On political party governance

Some of the trending stories in the papers in the recent past have been about occurrences in the opposition. News has plummeted about internal wrangles in the United Democratic Front (UDF) due to disagreements with the decision for the party to get into a coalition with the Democratic Progressive Party (DPP); the reception of Sidik Mia into the Malawi Congress Party (MCP) and about a possible electoral coalition among several political parties during the 2019 Elections.

The argument behind such political moves is always that they are in the best political interest of the party. Specifically, the admission of Mia into MCP is expected to win the party a greater section of the electorate in the 2019 elections. The anticipated mass coalition is expected to maximise support towards government change come the elections.

A point to be noted is that such decisions in political parties are mostly made by leaders and some of these leaders are elected by the parties’ members during  conventions. Some leaders are in such positions by virtue of being the party’s founders  or by virtue of chieftaincy-—like inheritance of party leadership from their predecessors.

Party leaders hold their positions on trust. It is expected that, ideally, the decisions they make in their parties be in the best interest of their party. This is to be understood in connection with the fact that, where very important decisions are made, they should be made after consultation with fellow leaders within the parties. This is so because the rest of the leaders also have a following in the party.

In widening the set of decision makers, decisions made reflect a more general consensus among party members.

Given this background, one would ask whether or not party leaders in the Malawian context, indeed, exercise their decision-making power in a manner that reflects the fact that they hold it on trust. One would want to know whether the decision to admit Mia into the MCP was made with the blessing of the MCP National Executive Committee given the tension the move seems to have brought in the party.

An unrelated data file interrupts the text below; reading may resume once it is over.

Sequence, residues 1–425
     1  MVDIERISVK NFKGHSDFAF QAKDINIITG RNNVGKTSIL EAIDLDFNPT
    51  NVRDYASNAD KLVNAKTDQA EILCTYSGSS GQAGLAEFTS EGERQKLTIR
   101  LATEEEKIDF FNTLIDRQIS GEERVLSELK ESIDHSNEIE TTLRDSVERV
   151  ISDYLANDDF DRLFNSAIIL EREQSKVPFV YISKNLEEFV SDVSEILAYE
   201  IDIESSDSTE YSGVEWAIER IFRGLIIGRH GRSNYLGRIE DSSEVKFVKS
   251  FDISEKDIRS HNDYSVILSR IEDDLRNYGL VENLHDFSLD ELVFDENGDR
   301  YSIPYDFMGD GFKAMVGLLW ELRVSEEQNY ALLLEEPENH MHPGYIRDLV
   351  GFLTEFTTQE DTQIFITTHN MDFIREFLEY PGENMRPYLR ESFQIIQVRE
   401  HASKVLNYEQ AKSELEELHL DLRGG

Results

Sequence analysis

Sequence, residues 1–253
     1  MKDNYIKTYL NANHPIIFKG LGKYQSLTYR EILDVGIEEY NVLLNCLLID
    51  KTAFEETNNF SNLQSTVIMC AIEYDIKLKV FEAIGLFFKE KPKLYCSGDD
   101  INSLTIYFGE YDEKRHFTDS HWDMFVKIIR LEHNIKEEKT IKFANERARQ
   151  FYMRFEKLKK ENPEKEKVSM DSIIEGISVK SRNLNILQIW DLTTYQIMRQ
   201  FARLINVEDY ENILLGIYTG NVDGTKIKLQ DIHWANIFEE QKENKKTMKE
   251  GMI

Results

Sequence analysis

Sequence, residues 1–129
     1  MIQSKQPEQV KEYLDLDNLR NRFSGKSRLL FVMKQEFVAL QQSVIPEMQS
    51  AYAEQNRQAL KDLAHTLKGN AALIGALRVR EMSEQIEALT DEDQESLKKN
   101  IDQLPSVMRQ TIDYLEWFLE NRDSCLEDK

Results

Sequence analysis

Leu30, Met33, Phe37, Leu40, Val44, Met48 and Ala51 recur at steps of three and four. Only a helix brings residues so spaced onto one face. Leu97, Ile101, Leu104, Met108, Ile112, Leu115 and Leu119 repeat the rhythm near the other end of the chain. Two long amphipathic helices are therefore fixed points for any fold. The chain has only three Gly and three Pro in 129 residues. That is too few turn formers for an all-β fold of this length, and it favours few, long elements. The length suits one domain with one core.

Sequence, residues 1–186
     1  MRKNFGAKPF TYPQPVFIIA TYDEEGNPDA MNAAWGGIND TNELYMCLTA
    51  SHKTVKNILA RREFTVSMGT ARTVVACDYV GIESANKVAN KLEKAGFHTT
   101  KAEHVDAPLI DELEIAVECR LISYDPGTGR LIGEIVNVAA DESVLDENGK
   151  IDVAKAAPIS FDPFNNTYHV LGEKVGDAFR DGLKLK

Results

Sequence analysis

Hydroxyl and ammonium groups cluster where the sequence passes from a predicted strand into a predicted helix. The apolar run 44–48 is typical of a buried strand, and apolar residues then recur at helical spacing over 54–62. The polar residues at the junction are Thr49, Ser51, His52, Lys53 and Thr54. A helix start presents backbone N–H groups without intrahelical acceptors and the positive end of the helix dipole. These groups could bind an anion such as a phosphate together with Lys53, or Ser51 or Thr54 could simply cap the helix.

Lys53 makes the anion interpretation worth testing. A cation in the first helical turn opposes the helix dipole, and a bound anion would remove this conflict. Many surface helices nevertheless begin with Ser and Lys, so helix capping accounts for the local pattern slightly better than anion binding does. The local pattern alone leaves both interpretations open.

Mia may have the freedom to associate with a party of his choice, but on the other hand, the party as a whole (not just one or two members) holds the right to accord an individual admission into the party. One would wonder whether the decision that came out of the UDF to get into a coalition with the ruling DPP was made by the party as a whole or by some specific individuals. Further questions may be made to whether the decision by the New Labour Party to get into the “opposition alliance” was made by the party as whole or certain individuals as well.

The argument here is that, the governance of political parties in a democratic dispensation such as ours must reflect the environment in which the party is operating—a democratic one. Political parties must not be treated like personal property, over which the “owner” can make decisions in any manner they like.

Decisions in political parties ought to be made democ=ratically. If a leader of a particular party does not respect the ideals of democracy within their own party, they would not be expected, with absolute certainty, to respect such ideals when they attain government.

The antidote against the personalisation of political parties by their leaders rests with the ‘real’ owners of the political parties: the people. They ought to demand good governance from their leaders, not fearing them as though they own the parties. Where it is seen that the party is heading towards personal ownership, they have the duty to ensure that it remains in their ownership.

It is imperative to ensure that good governance starts within parties if democracy is to be concretised in this country. Both party leaders and party members have a duty in ensuring that democratic ideals are adhered to within political parties.  n

 

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